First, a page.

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Intention, Convention, and Principle in the Failure of Gricean Theory

$58.99 (C)

Part of Cambridge Studies in Philosophy

  • Date Published: July 2007
  • availability: Available
  • format: Paperback
  • isbn: 9780521038065

$ 58.99 (C)

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About the Authors
  • H. P. Grice's theory of implicature provides the leading paradigm for research in pragmatics. Wayne Davis argues controversially that Gricean theory does not work. In developing his argument the author explains that the psycho-social principles actually define the social function of implicature conventions, which contribute to the satisfaction of those principles. By offering a searching and systematic critique of one of the established doctrines in the philosophy of language, this challenging book will be of particular importance to philosophers of language and linguists, especially those working in pragmatics and socio-linguistics.

    • Argues against theories of H. P. Grice that have dominated the field of pragmatics
    • Genuine interdisciplinary interest to philosophers of language and linguists
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    Reviews & endorsements

    " insightful, meticulously researched and challenging work that no student of pragmatics can afford not to master." Philosophy and Phenomenological

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    Product details

    • Date Published: July 2007
    • format: Paperback
    • isbn: 9780521038065
    • length: 216 pages
    • dimensions: 215 x 140 x 12 mm
    • weight: 0.286kg
    • availability: Available
  • Table of Contents

    Part I. Concept and Theory:
    1. The concept of implicature
    2. Theoretical importance
    3. Gricean theory
    4. Grice's razor
    5. Sufficiency
    Part II. Differentiation:
    6. Quantity implicatures
    7. Tautology implicatures
    8. Conjunction implicatures
    9. Idioms
    10. Non-Gricean speech
    Part III. Determinacy and Calculability:
    11. Background constraints
    12. The meaning constraint problem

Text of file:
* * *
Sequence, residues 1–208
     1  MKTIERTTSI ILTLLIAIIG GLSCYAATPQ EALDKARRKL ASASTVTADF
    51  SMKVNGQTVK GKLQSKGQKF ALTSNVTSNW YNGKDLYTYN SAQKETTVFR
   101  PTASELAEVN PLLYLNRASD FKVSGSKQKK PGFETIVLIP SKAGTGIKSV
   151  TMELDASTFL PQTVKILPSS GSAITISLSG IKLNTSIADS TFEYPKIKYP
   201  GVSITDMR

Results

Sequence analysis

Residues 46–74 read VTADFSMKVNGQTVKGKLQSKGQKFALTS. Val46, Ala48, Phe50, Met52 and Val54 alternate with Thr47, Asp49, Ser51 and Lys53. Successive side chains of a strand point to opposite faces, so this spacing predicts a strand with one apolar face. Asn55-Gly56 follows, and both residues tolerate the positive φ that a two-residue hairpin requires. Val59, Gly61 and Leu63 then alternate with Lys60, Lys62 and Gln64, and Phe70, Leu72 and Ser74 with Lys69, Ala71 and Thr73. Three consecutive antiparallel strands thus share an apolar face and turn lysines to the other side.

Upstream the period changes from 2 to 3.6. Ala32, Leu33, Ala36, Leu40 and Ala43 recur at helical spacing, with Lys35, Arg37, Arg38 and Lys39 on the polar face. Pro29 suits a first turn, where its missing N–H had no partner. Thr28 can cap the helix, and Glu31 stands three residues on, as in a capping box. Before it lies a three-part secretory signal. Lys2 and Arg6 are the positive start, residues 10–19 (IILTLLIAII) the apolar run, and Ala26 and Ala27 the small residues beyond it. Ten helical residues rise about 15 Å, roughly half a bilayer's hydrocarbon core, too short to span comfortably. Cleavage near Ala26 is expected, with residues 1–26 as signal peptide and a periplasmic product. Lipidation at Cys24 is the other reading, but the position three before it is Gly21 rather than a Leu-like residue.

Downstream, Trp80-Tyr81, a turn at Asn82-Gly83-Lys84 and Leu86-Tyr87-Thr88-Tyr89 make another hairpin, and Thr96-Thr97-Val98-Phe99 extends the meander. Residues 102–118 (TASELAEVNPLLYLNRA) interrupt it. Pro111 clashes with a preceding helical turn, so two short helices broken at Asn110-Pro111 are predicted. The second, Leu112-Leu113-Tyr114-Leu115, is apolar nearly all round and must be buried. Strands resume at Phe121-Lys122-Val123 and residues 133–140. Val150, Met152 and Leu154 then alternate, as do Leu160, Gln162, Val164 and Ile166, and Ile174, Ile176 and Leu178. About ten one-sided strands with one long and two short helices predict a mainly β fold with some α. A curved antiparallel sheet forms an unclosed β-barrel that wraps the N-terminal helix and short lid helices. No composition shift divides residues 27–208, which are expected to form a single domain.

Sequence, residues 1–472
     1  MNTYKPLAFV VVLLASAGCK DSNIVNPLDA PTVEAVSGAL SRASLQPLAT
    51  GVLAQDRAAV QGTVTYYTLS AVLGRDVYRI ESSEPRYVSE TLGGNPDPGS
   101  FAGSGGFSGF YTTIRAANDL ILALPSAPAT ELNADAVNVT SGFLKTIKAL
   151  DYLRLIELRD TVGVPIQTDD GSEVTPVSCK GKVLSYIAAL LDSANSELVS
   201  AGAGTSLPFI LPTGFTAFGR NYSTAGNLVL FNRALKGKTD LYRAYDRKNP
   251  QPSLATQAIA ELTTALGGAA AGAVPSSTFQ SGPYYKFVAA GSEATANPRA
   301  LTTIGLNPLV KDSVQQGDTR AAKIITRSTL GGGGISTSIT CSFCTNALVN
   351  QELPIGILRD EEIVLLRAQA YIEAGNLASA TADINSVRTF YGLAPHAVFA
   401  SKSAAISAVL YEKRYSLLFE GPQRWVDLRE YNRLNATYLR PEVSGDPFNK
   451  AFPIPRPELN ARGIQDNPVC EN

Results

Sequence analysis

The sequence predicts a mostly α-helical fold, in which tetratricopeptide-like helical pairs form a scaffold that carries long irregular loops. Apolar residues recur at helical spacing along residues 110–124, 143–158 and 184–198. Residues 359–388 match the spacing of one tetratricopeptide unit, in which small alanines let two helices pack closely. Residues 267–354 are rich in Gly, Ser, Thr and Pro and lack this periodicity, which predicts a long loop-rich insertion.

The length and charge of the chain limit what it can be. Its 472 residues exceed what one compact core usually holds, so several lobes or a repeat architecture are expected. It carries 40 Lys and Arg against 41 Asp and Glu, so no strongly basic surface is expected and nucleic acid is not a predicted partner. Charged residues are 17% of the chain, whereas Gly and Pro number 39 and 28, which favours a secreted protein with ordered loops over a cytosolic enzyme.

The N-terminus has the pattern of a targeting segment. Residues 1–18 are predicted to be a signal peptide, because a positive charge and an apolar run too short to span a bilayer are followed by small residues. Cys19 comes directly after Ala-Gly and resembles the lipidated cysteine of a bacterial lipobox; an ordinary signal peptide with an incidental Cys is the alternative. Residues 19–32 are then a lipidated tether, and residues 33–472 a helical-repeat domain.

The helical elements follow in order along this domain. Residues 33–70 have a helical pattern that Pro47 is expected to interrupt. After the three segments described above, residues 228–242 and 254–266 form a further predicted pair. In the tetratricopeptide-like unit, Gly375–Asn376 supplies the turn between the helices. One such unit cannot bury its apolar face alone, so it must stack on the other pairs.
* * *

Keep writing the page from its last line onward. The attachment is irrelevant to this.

13. The rhetorical figure problem
    14. 'Indeterminate' implicatures
    15. Relevance implicatures
    16. Close-but implicatures
    17. Quantity implicatures: the possibility of ignorance
    18. Quantity implicatures: other possibilities
    19. Tautology implicatures
    20. Conjunction implicatures
    21. Conflicting principles
    22. 'Relevance' theory
    23. Modal implicatures
    Part IV. Presumption and Mutual Knowledge:
    24. The cooperative presumption condition
    25. The presumption of relevance
    26. Mutual knowledge
    27. Meaning versus communication
    28. Implicature and inference
    29. The recognition of implicature
    Part V. The Existence of Implicature Conventions:
    30. Conventions
    31. Quantity implicatures
    32. Tautology implicatures
    33. Conjunction implicatures
    34. Disjunction implicatures
    35. Modal implicatures
    36. Figures of speech
    37. Relevance implicatures
    38. Close-but implicatures
    39. Manner implicatures
    40. Interrogative and imperative implicatures
    Part VI. The Nature of Implicature Conventions:
    41. First-order versus second-order semantic conventions
    42. Idioms
    43. Indirect speech-act conventions
    44. The role of conversational principles
    45. The principle of antecedent relation
    46. The universality of implicature conventions
    47. Conclusion

  • Author

    Wayne A. Davis, Georgetown University, Washington DC

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